With a redesign and a over a third of its pages devoted to fashion coverage, Glamour magazine is celebrating 75 years by doing what legacy brands do these days: harkening back to the old, emphasizing the new and making sure they make money while they do both.
Women's Wear Daily reported last week that Editor in Chief Cindi Leive, who's helmed the magazine since 2001, really wanted the March 2014 anniversary issue to make a splash. It's being billed as her attempt to show off what she referred to as "the first true reflection of all the recent changes in the masthead" – most notably, the poaching of Paul Ritter as creative director from Elle. Ritter's hire and other staffing shifts were part of Leive's move to up the fashion coverage in the magazine. "We will be doing more designer coverage. Our readers are interested. Women are much more knowledgeable about the fashion industry," Leive told WWD, though she noted the decision to add fashion coverage came from her and was not due to Anna Wintour's new consultant position at Condé Nast.
While there is in fact a notable increase of fashion coverage in the March issue, the emphasis of today's Glamour is still great and strong women are, ala their Women of the Year Awards. Leive expresses this right from the start, in her letter from the editor, which includes photos of birthday cards to Glamour from the Obamas, among many others:
...as a 1941 Glamour put it, "You are all the American women of today.... Glamour's function [is] to help you solve in every way the complex business of living.
I love that mission: to help you solve the complex business of living.
Leive goes on to cite the magazine's new features – and boy, there are plenty of them. There are new columns from Rashida Jones and Leive's own "Step into my office" about women in the workforce (this month: Sheryl Sandberg). Non-recurring articles include Jimmy Fallon gushing about his newborn daughter, Girls breakout star Allison Williams doing her thang, cover girl Taylor Swift talking about dating/the importance of female friends and a piece on how difficult it is for women of color to find the right makeup.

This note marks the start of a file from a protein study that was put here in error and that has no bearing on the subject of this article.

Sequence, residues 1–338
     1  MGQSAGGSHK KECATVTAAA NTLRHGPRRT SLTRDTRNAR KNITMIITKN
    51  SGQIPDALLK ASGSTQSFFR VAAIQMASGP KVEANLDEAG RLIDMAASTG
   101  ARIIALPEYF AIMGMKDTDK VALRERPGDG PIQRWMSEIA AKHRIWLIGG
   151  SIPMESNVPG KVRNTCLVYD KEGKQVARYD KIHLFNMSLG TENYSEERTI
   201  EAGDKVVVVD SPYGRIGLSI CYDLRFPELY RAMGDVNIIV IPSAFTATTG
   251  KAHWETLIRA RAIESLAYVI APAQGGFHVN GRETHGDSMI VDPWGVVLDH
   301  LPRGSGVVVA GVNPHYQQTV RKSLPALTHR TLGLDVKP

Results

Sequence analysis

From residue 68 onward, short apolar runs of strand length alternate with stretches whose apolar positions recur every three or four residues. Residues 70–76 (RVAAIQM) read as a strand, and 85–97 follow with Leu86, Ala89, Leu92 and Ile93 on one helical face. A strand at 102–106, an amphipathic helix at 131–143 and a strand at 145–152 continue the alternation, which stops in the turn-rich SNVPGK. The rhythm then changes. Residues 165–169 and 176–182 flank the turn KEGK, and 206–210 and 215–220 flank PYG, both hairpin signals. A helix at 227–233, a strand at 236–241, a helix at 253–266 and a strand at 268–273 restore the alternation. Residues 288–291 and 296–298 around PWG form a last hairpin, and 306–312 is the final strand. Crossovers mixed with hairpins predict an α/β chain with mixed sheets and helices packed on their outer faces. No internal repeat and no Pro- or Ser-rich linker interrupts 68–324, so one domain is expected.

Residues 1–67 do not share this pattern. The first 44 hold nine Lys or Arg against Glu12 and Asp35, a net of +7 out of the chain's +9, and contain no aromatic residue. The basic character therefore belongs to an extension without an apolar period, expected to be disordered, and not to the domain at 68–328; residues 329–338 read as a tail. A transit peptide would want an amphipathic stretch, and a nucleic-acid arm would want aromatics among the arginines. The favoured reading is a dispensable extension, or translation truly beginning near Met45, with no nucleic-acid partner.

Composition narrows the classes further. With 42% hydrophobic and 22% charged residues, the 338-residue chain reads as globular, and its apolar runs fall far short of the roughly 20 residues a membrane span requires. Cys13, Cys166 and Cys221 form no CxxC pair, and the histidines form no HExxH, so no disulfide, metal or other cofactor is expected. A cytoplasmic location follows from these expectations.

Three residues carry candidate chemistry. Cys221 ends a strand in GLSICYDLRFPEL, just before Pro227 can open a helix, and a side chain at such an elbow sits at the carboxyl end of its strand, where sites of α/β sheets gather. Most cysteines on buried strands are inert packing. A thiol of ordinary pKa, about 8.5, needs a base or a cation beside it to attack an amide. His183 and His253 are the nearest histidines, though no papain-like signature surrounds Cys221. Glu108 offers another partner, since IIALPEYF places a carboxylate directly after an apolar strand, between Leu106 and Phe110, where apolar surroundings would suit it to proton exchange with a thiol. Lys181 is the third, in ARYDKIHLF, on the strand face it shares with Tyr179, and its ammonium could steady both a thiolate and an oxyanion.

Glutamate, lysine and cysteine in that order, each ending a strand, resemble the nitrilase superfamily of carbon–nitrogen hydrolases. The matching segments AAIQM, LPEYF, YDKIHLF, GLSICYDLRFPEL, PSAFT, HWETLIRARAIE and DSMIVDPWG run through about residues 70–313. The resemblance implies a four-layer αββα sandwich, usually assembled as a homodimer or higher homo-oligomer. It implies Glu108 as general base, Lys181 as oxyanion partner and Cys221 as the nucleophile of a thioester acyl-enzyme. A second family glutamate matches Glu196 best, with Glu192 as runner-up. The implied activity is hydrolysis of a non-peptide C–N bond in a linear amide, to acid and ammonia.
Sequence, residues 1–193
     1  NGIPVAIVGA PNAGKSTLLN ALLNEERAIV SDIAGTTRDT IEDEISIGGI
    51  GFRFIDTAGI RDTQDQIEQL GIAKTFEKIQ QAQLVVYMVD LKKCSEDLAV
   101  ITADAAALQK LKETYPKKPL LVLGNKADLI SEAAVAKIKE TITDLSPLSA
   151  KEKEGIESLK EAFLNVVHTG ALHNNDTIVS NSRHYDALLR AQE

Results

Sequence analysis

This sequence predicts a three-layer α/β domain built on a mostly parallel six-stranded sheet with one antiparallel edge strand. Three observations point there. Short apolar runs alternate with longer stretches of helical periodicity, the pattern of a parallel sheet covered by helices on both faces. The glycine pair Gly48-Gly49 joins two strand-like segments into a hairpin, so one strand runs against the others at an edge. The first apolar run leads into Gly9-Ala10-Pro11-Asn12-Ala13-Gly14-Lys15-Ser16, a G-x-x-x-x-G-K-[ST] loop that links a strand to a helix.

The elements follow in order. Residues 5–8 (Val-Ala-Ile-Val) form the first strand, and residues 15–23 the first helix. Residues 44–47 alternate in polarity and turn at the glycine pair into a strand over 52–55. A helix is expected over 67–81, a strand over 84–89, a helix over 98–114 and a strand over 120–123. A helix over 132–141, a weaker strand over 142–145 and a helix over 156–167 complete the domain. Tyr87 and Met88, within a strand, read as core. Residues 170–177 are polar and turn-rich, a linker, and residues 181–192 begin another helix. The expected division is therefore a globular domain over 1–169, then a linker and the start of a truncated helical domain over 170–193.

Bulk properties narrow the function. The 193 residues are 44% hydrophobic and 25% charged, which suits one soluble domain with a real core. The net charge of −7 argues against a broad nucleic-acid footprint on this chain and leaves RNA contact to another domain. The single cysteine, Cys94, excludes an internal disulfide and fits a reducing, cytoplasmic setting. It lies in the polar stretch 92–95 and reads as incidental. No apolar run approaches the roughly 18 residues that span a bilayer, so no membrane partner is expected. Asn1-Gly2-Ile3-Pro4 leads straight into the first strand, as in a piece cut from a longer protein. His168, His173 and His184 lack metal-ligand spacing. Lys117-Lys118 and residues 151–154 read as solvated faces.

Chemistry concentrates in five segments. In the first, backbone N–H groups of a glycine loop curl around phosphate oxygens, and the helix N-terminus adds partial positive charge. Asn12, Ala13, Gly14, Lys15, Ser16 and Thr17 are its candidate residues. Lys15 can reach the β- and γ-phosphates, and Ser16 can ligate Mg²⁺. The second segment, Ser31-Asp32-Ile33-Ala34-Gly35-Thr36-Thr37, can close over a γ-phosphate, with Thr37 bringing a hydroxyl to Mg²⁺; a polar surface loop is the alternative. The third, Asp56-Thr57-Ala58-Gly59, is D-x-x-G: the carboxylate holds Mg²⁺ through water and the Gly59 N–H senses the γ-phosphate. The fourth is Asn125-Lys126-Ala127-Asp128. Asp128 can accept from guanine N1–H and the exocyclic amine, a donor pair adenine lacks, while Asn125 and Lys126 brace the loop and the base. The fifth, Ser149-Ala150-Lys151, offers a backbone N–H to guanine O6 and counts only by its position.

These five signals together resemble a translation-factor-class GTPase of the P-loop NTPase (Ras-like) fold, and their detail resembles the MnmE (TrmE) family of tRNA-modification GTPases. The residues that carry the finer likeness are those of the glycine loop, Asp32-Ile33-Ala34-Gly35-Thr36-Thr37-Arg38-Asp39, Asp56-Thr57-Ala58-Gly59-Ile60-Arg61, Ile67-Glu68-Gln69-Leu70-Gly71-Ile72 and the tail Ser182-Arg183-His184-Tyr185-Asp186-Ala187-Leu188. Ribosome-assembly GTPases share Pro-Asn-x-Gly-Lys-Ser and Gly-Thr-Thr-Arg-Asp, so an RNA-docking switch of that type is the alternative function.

The response to Jones' essay in the magazine on whore pop stars was so loud Glamour chose to devote most of their letters from readers section to emails/tweets about it. More telling: the issue includes an entire conversation between six designated "experts" on the topic (a lineup that includes Amanda Palmer and Santigold) called "Is There Such a Thing as 'Too Sexy'?" Glamour also published the results of a reader poll where half of 1,000 people said they were "tired of all the toplessness and twerking."
Image via Epherma Forever/Glamour
The issue's hallmark are the pages devoted to Glamour's "75 Most Important Women of the Past 75 Years," where everyone from Carol Burnett to Margaret Sanger gets a blurb. This feature is the second point in the magazine where Glamour touts the fact that it was the first major women's magazine to put a black woman on its cover – Katiti Kironde in 1968.